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Category: Expat Life

Not One, But Two

So here’s the thing: Germany has the reputation for being a very organized and efficient country. This is true to a certain extent, but mostly what the country does best is makes things unnecessarily (and sometimes mind-bogglingly) complicated. Granted, American bureaucracy is also a pain in the ass, but for the most part, you can avoid its nastier sides, at least if you’re a citizen. But bureaucracy penetrates every part of German culture, not just governmental offices. You can always tell a fresh off the boat expat because they will always say things like, “Wait, why do I need that…

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The Nightmare That Is FATCA

Spread the word, people! p.s. Not quite sure why I’m looking over to the side at the beginning of the video. I think I thought that’s where the camera hole was. p.p.s. I forget to mention that FATCA (and citizenship based taxation) also affects ‘accidental Americans’, i.e. foreigners born in the United States because their parents were working there, etc. In many cases, these people never lived in the US, most likely have never had an American passport and maybe don’t even know that New York City is not in California (something I heard a lot from EFL students over…

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The Streets Where I’ve Lived

This month marks the 20th anniversary of my life in Berlin. In another six years, I’ll have lived here longer than I ever lived in the US. Hard to believe, but it’s true. All this has gotten me nostalgic for all the streets where I’ve lived since I moved to this city. Here’s a little run-down: Krampnitzer Weg (I never officially lived here, but it was my entrance into the city) In 1995, I worked two jobs at Southland Mall in Hayward: one full-time at Waldenbooks and one part-time at Happy Donuts in the food court.  I worked these crazy…

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How To Fit In In Kreuzberg and Neukölln

I thought I’d share with you why I sometimes fantasize about moving to the country or at least Charlottenburg with this goofy video. Here are some visuals for what I describe in the video (I literally just had to walk down my block to find these things and I didn’t include every picture I made of the evidence…) Here’s a slime covered piece of furniture, now beautifully decorated with old pizza boxes. Hurrah! Wow, what a nice new touch. Instead of cabinets or dressers without drawers, why not provide a drawer without a cabinet or a dresser? Brilliant! Yes, this…

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An Expat By Any Other Name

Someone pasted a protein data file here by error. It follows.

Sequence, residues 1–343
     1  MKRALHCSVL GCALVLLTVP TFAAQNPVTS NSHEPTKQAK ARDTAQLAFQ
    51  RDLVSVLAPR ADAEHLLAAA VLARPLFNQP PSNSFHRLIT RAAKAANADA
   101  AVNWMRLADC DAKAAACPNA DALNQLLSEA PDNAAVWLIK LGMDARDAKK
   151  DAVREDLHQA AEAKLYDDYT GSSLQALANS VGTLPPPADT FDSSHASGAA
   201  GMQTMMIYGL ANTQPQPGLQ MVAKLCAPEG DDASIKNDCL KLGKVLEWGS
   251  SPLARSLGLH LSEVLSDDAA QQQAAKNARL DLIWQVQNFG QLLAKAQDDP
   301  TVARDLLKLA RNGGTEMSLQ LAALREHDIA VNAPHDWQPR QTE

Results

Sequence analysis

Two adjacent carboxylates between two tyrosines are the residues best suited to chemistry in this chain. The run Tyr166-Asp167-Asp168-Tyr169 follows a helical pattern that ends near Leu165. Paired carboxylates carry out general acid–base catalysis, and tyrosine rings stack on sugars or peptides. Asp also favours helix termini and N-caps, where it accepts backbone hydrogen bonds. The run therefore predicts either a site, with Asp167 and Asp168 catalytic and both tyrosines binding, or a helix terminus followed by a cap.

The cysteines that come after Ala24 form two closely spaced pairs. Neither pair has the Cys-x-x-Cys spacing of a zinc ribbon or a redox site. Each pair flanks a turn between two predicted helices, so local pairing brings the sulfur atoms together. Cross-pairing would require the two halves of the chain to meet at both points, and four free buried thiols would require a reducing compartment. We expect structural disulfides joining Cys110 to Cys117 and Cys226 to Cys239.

What does it mean to be an expat? That’s a question I mull over a lot. Besides the fact that I’ve been an (American) expat for nearly 20 years now, one of the reasons I think about this is because I’ve seen a real shift in what being an expat even means. Berlin has had a start-up tech scene boom for a while now which brings in people from all over the world who live and work in the city in an English-speaking bubble. The companies offer German classes between team building yoga flow and chill time at the onsite…

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You May Kiss The Ring

So I told the ladies in my writing group last night that I’m married to a German Count and the inevitable happened: “Wait, are you serious? You’re married to a Count?” I told them, as I always tell anyone when this comes up, “It’s really not as impressive as it sounds.” German aristocrats were stripped of their official status after the war, but they were allowed to keep their titles as part of their name. “It’s just a fancy name, nothing else.” As usual, they didn’t believe me. “So does this mean your two daughters are countesses?” “Well, yeah. Officially…

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Take Me Out To The Ball Game, Mother F’er!

My soon-to-be published story “Forgotten Dreams” is set in Berlin. In the feedback I got on Sixfold, one woman asked, “Why are all the Germans in the story so mean?” I told my husband and we both had a good laugh. If you ever spend any time in Berlin, you’ll quickly learn this is a city where strangers live to yell at strangers. Although there might be several reasons why this happens, the main reasons why a native Berliner might hit you with a hefty bout of Berliner Schnauze is because a) you aren’t following the rules, or b) you were…

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Ode To O-Strasse

It’s funny how so much of my life has been defined by streets I eventually grew out of. The first one was Telegraph Avenue in Berkeley, which I wrote about here. In a nutshell, I’m about twenty years too old for Telegraph Avenue, and a lot of it has been taken over by chains anyway. I still think Moe’s is one of the best used bookstores ever, but Cody’s is long gone.  I also doubt very much I could stomach a slice of pizza from either Blondie’s or Fat Slice. Another street that once meant the world to me was…

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Charlottenburg, Ich Hab’ Dich Gern

An old expat friend of mine had this theory that the part of Berlin you first move to is where you eventually return if the city becomes your permanent home, not just a year-or-two passing through until you go back to where you come from or, if you’re a millenial, move on to Barcelona or Lima or Koh Tao or wherever your little digital nomad heart takes you. (Sometimes I envy the selbstverständlich free roaming spirit of millenials, but that’s probably just me being your run-of-the-mill angsty GenXer). I’d say her theory works somewhat in practice, at least when it comes…

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